Oil leaks are a pretty common complaint in a second-hand car, but if the car as sold to you with a roadworthy certificate (which it almost certainly should have been) then there’s no excuse for those to reappear within two weeks of you taking ownership. I’m always suspicious of a second-hand car with a sparkling clean engine bay, as it usually means it’s been cleaned up to hide leaks, just as you’re now discovering.

Given that you bought the car from a VW dealership, I’d be having a chat with VW Australia’s customer service and complaints people as there might be something they can do to help in getting the situation sorted out to our satisfaction. On top of that, the dealer who sold you the car has an obligation under the terms of the second-hand car warranty. In WA, that means any second-hand car less than 12 years old (which a 2010 model is) and with fewer than 150,000km travelled, has to carry a one-month warranty on faults like the ones you’ve described. Since these problems were spotted at the two-week mark and pointed out to the dealership at that point, you should be covered.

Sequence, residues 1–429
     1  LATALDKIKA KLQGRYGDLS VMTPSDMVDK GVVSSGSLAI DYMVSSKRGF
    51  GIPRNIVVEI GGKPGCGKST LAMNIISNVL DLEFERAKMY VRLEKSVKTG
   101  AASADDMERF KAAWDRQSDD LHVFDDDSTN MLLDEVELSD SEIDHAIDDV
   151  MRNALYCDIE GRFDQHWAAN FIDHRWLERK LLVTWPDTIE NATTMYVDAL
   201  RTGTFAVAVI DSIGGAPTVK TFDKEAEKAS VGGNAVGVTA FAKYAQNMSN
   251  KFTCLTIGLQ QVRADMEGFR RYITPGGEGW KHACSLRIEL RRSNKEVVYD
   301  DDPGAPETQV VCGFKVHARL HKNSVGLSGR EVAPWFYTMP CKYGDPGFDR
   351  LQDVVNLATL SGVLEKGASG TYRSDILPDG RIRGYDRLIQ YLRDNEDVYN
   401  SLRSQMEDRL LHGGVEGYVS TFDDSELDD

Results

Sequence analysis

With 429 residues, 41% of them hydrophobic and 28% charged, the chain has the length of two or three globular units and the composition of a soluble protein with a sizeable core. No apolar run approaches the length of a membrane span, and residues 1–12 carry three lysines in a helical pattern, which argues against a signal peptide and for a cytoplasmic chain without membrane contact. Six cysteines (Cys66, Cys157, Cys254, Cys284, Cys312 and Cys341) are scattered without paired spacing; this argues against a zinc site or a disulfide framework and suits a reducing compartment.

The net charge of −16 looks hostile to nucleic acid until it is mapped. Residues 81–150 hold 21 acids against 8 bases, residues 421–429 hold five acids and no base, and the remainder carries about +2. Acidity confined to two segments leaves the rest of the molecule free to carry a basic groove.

The bigger issue from your point of view, of course, is that you were told the car had never been crashed when, in fact, it appears that’s not the case. That would seem like a fairly straightforward case of misrepresentation to me, and I’d be having the car professionally inspected (try your local State motoring club) and getting in writing the fact that it’s been crashed and repaired. From there, I reckon you’d have a decent chance of getting your money back and returning the car.

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RECALL: More than 16,000 VW Polo, Golf, Jetta and Passat cars have dual-clutch transmission issue